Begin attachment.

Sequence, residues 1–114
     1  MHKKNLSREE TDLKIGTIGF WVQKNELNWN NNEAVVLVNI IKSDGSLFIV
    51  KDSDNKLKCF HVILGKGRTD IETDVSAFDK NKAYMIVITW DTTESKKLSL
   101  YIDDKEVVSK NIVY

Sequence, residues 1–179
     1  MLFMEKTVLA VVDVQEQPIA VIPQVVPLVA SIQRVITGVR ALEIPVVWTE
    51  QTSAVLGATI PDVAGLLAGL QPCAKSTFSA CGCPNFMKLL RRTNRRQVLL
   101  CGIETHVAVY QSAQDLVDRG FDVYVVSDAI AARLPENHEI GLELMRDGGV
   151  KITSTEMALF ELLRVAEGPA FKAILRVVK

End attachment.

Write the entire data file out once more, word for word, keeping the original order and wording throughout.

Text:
Sequence, residues 1–114
     1  MHKKNLSREE TDLKIGTIGF WVQKNELNWN NNEAVVLVNI IKSDGSLFIV
    51  KDSDNKLKCF HVILGKGRTD IETDVSAFDK NKAYMIVITW DTTESKKLSL
   101  YIDDKEVVSK NIVY

Sequence, residues 1–179
     1  MLFMEKTVLA VVDVQEQPIA VIPQVVPLVA SIQRVITGVR ALEIPVVWTE
    51  QTSAVLGATI PDVAGLLAGL QPCAKSTFSA CGCPNFMKLL RRTNRRQVLL
   101  CGIETHVAVY QSAQDLVDRG FDVYVVSDAI AARLPENHEI GLELMRDGGV
   151  KITSTEMALF ELLRVAEGPA FKAILRVVK